Despite only a limited knowledge of Paul Schrader’s filmography, I feel it’s safe to say that he is drawn to stories about loners making rash decisions. I think every movie I’ve seen that he’s written or directed has starred isolated characters who find themselves at odds with society. So it’s easy to imagine why Schrader would want to tell the story of Japanese author Yukio Mashima, who committed suicide after staging a failed coup d’etat fifteen years before this movie’s release. But it’s Schrader’s telling of the story that is so interesting, as it provides a template for why so many contemporary biopics seem like boring Oscar bait.
Man, what a week to be watching this movie. As if the constant, ever-escalating crisis at our nation’s border wasn’t already a reminder enough that we should all be a little more empathetic toward the huddled masses looking for refuge in America. Then comes along our racist-in-chief to once again make it known that any immigrant or person of color should “go back where they came from”. Meanwhile, a film like El Norte shows that for many immigrants, they can’t go back to from where they came. And even though America might not always be the land of opportunity it’s often billed as, it can offer a new start for those willing to brave the journey to get there. Continue reading
Criterion Month is in full effect here at Mildly Pleased. If you haven’t been checking in and stumble across this post by accident, we’re reviewing films from the Criterion Collection every day in chronological order. For my films I chose the theme “First Time Filmmakers”. A theme that not only narrows down the catalog, it gives me the opportunity to experience filmmaking in it’s most uninhibited form. Though it wasn’t until I watched Susan Seidelman’s punk debut Smithereens that I noticed similarities to the film’s I’ve already watched. Not all of them share a connective tissue—And God Created Woman and Night of the Living Dead being outliers—but between Shadows, Ivan’s Childhood, and now Smithereens I see how debut filmmakers most often introduce themselves to the world.
I’ve wanted to see Grey Gardens ever since watching The Queen of Versailles, a conceptually similar 2012 documentary about an hilariously stereotypical, obscenely wealthy family trying to build the biggest home in the country just as the Great Recession is about to hit. But I worried they were too similar, so I dragged my feet getting to the 1975 original. Thankfully, we have Criterion Month. Now that I’ve finally seen Grey Gardens, I can say that, while the “riches to rags” theme is shared between the two films, there’s one major difference: The Queen of Versailles is about that collapse, while in Grey Gardens the decline was decades and decades ago.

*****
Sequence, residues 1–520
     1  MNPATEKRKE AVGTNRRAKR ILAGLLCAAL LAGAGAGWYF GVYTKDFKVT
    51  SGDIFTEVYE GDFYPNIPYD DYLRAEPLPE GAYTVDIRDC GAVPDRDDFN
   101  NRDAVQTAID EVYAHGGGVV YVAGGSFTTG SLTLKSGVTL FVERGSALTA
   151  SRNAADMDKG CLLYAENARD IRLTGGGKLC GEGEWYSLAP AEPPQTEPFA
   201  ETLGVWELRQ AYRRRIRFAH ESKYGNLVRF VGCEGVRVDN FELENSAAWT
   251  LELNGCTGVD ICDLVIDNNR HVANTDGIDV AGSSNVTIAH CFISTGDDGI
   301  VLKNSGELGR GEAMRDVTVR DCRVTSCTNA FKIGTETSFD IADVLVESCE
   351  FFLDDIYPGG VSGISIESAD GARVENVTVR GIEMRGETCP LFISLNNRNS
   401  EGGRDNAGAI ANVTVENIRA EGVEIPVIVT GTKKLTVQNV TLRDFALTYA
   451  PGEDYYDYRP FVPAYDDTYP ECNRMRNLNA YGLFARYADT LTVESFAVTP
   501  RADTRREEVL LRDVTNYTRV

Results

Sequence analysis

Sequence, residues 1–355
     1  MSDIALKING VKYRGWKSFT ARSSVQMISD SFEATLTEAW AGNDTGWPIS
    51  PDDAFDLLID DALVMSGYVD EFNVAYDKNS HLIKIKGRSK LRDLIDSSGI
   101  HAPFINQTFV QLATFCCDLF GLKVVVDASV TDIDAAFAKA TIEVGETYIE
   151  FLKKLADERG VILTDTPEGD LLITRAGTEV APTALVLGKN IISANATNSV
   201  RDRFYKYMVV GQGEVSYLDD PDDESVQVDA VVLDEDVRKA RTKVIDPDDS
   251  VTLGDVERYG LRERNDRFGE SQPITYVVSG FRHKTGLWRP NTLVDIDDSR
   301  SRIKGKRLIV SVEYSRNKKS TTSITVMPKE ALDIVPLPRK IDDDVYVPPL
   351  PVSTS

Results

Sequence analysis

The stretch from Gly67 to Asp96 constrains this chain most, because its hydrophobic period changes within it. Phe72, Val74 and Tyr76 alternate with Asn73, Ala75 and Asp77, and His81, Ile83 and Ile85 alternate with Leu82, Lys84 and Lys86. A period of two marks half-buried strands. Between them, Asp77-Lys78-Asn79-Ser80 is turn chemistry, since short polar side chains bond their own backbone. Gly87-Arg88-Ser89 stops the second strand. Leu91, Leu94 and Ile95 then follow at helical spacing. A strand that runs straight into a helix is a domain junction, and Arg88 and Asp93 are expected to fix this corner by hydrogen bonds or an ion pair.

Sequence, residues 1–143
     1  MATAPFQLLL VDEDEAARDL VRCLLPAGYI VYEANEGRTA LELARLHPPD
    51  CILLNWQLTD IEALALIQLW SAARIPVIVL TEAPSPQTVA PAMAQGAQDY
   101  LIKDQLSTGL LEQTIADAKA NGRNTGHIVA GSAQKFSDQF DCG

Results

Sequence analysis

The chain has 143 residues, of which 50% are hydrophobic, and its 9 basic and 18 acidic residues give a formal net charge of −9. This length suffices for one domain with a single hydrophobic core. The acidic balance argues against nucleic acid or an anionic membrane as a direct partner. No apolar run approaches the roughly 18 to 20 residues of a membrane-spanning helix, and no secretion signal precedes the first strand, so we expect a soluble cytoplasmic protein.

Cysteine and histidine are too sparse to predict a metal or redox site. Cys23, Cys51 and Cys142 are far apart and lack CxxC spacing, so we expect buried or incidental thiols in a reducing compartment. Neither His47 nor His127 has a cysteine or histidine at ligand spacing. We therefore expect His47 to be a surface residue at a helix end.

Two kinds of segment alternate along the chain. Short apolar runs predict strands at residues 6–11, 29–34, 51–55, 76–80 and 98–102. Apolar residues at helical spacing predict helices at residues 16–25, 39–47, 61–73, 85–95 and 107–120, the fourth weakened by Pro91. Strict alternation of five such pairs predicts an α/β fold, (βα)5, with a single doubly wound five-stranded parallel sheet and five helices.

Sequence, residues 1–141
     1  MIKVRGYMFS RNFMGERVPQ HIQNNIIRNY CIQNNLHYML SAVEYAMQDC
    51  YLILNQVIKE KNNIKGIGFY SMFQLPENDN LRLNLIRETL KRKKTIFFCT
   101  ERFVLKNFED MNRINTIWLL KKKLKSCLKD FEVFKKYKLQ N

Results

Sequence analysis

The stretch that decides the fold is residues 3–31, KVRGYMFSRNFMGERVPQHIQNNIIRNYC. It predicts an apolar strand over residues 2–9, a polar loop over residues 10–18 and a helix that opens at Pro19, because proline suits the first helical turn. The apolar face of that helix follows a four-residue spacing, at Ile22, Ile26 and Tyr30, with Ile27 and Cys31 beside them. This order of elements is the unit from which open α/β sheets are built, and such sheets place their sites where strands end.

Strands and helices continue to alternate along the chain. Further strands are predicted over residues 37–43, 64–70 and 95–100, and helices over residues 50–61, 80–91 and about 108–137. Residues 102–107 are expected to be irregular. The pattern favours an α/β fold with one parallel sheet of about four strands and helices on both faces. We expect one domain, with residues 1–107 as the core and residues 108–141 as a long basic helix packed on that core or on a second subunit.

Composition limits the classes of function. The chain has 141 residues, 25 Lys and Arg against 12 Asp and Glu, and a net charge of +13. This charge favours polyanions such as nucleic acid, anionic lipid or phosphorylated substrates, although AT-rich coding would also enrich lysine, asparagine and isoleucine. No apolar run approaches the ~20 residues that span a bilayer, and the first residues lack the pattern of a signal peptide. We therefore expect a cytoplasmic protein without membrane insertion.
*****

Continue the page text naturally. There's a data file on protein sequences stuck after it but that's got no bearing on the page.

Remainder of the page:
Much like last year’s Koyaanisqatsi, this is kind of a weird film to review, since it does walk a fine line between feature film and art experiment. That said, Jeanne Dielman, 23, Quai du Commerce, 1080 Bruxelles, is quite clearly a narrative film. In fact, the thing that’s so striking about it is how strictly it sticks to its very straightforward narrative of showing a woman’s day unfold, as we see each little mundane thing she does while also subtly unraveling internally. I honestly can’t think of any other film quite like it, though I suppose any slow-moving indie film that really takes its time owes something to this film’s deliberately glacial pacing. Continue reading
I have never been so happy to see a film added to the Criterion Collection. Not only does it feel like validation for horror fans, this release gave Dead fans the definitive version they’ve always wanted. If you’re not aware, there has been a metric shit ton of releases of this film. VHS, DVD, Blu-Ray, Laserdisc, you name the format and you can find a dozen versiosn of Night of the Living Dead.
Even I used to own two copies on DVD. One because it included a colorized version. Thanks, Border’s Books. Why so many versions? Because Night of the Living Dead is in the public domain for the stupidest reason. Do you know that little copyright symbol that you see next to titles and logos? Night of the Living Dead had that stupid mark when the title popped up in the initial print of the film, but in the initial print the film was called “Night of the Flesh Eaters”. So when they changed the title and forgot the mark and screened the movie, all Hell broke loose.
Le Bonheur belongs to a very specific category of film usually found in great director’s filmographies. It’s the kind of film that doesn’t see the director necessarily doing the most ambitious work, but still sees them tackling a bunch of thought-provoking ideas while perhaps not firing on all cylinders, but firing on most cylinders. It’s a hard type of film to criticize, since it’s, for the most part, charming. Though I suppose a film described as “charming”, usually means its slight. I’m not sure slight is how I’d describe Le Bonheur, but it still feels like a minor work from Agnès Varda. It’s just that her minor work appears to still be fraught with interesting ideas and ways of expressing them. Continue reading